Tobacco- June 12, 2015

Klamath County Public Health and Klamath Tribal Health Tobacco Prevention and Education Program
Why it Matters” luncheon planned to discuss tobacco programs
The Klamath County Public Health and Klamath Tribal Health Tobacco Prevention and Education Programs will host a “Why It Matters” luncheon June 23 to explore tobacco issues and why it matters in the community.
The event will include special presentations by representatives of the Oregon Health Authority, local tobacco programs and Lou Moerner, an inspirational speaker with years of experience working with low income and Native populations on tobacco issues, according to the event flyer. During the luncheon, attendees will explore political, social, medical and current trends in tobacco polices.

Kristen Wils, the health promotion and chronic disease prevention program coordinator at the health department, said the event will help organizations and individuals learn more about the tobacco prevention programs, as well as how the various stakeholders can help each other.

“We’re trying to be more involved in the community,” Wils said, including asking community members what the tobacco programs are missing and what the staff can do to help them. “That’s really the goal.”

Reports and Articles
TF zone
Comprehensive Cancer Control Programs and Tobacco Control Programs: A Qualitative Study of 6 States, United States, 2012
Introduction: Historically, federal funding streams to address cancer and tobacco use have been provided separately to state health departments. This study aims to document the impact of a recent focus on coordinating chronic disease efforts through collaboration between the two programs.
Methods: Through a case-study approach using semi structured interviews, information was collected on the organizational context, infrastructure, and interaction between cancer and tobacco control programs in 6 states from March through July 2012. Data were analyzed with NVivo software, using a grounded-theory approach.
Results: Between-program activities were found in the state health department and coordinated implementation of interventions in the community. Factors identified as facilitating integrated interventions in the community included collaboration between programs in the strategic planning process, incorporation of one another’s priorities into state strategic plans, co-location, and leadership support for collaboration. Coalitions were used to deliver integrated interventions to the community. Five states perceived high staff turnover as a barrier to collaboration, and all 5 states felt that federal funding requirements were a barrier.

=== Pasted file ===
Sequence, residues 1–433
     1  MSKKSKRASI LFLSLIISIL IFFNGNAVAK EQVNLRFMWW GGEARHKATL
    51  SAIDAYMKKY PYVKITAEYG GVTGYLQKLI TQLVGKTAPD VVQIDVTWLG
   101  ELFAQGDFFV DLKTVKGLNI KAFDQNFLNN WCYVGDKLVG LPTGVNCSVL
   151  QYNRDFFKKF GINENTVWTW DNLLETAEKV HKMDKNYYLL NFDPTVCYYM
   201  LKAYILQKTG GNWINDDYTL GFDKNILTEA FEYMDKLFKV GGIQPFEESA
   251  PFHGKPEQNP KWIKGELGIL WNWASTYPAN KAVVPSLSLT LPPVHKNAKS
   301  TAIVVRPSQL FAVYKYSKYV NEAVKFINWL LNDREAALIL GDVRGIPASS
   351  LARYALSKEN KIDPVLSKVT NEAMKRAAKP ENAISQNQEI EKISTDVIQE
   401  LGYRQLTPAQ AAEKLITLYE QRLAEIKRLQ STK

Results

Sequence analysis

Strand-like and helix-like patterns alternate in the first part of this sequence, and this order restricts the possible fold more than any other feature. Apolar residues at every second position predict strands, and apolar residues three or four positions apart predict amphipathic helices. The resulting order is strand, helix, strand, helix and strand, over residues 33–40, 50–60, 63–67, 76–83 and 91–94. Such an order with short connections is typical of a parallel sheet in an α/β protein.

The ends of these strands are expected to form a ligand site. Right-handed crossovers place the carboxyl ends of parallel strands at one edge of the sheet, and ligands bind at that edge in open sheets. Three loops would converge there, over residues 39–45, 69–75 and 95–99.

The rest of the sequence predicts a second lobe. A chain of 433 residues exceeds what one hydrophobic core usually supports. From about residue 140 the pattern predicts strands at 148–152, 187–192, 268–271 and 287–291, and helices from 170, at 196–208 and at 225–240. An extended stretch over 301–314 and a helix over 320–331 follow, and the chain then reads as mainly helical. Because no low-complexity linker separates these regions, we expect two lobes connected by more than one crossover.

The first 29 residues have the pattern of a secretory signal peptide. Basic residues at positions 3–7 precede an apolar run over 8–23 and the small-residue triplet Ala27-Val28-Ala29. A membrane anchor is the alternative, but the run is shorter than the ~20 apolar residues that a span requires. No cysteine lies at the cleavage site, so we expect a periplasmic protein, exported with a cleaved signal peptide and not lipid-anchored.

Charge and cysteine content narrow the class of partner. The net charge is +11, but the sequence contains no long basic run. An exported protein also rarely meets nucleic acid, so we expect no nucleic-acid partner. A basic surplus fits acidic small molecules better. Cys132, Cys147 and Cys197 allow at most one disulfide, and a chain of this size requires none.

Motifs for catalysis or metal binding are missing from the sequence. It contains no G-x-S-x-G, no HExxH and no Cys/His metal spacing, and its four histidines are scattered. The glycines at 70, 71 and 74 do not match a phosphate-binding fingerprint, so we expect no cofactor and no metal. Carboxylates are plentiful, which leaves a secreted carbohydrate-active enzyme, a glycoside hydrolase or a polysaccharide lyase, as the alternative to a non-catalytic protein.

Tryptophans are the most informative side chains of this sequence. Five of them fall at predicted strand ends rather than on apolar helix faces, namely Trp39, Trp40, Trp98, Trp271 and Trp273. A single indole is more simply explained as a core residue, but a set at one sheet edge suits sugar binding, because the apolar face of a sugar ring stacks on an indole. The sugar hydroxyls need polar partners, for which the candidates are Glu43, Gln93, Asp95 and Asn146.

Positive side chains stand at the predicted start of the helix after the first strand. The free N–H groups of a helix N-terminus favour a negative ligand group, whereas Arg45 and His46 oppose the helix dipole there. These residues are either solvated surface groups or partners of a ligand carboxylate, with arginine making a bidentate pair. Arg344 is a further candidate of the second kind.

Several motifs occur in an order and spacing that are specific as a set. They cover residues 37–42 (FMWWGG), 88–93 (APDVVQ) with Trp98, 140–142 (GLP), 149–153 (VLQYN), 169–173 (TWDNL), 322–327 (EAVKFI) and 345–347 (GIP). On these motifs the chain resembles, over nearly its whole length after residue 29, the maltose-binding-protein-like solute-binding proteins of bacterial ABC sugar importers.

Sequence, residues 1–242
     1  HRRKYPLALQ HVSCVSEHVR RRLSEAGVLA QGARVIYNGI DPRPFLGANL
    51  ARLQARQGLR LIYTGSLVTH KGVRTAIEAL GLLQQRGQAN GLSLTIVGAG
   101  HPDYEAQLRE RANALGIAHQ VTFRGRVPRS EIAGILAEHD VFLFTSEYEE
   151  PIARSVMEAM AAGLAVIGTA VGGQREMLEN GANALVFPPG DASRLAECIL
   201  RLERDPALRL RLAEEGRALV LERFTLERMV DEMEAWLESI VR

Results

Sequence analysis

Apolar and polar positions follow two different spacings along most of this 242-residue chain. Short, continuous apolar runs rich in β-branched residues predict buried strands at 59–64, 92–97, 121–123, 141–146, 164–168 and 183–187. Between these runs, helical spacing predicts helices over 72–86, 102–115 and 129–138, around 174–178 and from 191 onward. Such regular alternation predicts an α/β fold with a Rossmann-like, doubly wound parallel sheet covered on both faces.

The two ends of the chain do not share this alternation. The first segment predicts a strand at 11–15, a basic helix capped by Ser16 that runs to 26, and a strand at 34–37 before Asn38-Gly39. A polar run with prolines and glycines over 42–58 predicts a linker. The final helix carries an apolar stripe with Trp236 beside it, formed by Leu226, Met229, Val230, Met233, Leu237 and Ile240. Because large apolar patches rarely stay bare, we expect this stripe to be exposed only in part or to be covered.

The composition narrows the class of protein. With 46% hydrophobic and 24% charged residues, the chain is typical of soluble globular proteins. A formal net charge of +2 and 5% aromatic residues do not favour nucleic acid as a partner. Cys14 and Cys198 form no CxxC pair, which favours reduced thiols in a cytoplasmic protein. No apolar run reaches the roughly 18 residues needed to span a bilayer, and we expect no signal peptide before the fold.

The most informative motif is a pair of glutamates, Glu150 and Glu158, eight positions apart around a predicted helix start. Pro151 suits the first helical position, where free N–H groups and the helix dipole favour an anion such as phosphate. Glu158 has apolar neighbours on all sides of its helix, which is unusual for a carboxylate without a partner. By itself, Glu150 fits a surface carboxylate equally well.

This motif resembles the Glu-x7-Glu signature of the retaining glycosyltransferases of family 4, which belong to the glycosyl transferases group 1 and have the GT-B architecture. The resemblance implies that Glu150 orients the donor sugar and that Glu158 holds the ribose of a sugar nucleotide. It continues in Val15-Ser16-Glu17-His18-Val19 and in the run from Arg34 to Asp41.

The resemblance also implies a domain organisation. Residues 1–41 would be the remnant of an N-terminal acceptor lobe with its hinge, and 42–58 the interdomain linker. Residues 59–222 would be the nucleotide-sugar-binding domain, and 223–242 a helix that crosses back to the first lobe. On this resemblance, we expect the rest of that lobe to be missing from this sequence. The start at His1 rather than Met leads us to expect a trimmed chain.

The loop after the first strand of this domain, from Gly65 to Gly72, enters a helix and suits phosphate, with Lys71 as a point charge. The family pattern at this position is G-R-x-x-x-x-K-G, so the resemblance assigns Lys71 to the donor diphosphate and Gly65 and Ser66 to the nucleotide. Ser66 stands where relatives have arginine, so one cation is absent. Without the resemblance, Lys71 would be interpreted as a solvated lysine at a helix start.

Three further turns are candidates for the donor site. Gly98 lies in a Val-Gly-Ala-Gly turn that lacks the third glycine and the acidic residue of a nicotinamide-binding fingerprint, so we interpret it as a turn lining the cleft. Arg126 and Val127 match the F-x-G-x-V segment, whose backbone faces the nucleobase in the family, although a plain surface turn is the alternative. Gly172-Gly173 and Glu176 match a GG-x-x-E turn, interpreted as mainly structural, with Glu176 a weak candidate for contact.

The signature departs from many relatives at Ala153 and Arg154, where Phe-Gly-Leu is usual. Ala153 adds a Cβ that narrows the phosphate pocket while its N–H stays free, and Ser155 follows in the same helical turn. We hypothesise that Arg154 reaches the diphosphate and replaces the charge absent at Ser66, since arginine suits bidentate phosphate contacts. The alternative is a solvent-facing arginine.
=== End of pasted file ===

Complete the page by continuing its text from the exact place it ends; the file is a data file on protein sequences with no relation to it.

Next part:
Conclusions: Cancer and tobacco programs are beginning to implement integrated interventions to address chronic disease. Findings can inform the development of future efforts to integrate program activities across chronic disease prevention efforts.

All forms of smoking are bad for the heart
MNT:June, 2015
The European Society of Cardiology (ESC) warn that all forms of smoking are bad for the heart.
ESC prevention spokesperson Professor Joep Perk said,
“Smoking of all types is still, without any competition, the strongest risk factor for cardiovascular disease. It beats everything. There has been a lot of research over the past 2-3 years which makes us very clear that all tobacco use, including the waterpipe, smokeless tobacco and electronic cigarettes, is simply not good for your health.”1
Studies suggest that waterpipe smoking, also referred to as shisha and hookah, may be associated with even greater toxin exposure because sessions are longer and involve more and larger “puffs”, leading to smoke inhalation as much as 100 times more than from a cigarette.2

Ban of e-cigarettes coming to Oregon public buildings

DJC Oregon
The executive director of the Building Owners and Managers Association of Oregon was instrumental in the recent passage of House Bill 2546, which bans e-cigarettes in public buildings under the state’s Clean Air Act.

Powerful new “Tips From Former Smokers” ads focus on living with vision loss and colorectal cancer
PRN Newswire
ATLANTA, March 26, 2015 /PRNewswire-USNewswire/ — The Centers for Disease Control and Prevention is launching its 2015 “Tips From Former Smokers” campaign with a series of powerful new ads featuring former smokers who suffer from smoking-related illnesses, including vision loss and colorectal cancer.
Ads also highlight the benefits of quitting for smokers’ loved ones, and the importance of quitting cigarettes completely, not just cutting down. Beginning March 30, these ads will run for 20 weeks on television, radio, billboards, online, and in theaters, magazines, and newspapers.
CDC’s successful Tips national tobacco education campaign has helped prompt millions of smokers to try to quit since it began in 2012. It has also proven to be a “best buy” in public health by costing just $393 to save a year of life.

APHA is advocating for all government-subsidized housing to be smoke-free
Nation’s Health

Use of Tobacco Tax Stamps to Prevent and Reduce Illicit Tobacco Trade — United States, 2014
Increasing the unit price on tobacco products is the most effective tobacco prevention and control measure. Illicit tobacco trade (illicit trade) undermines high tobacco prices by providing tobacco users with cheaper-priced alternatives. Applying tax stamps to tobacco products, which provides documentation that taxes have been paid, is an important tool to combat illicit trade.


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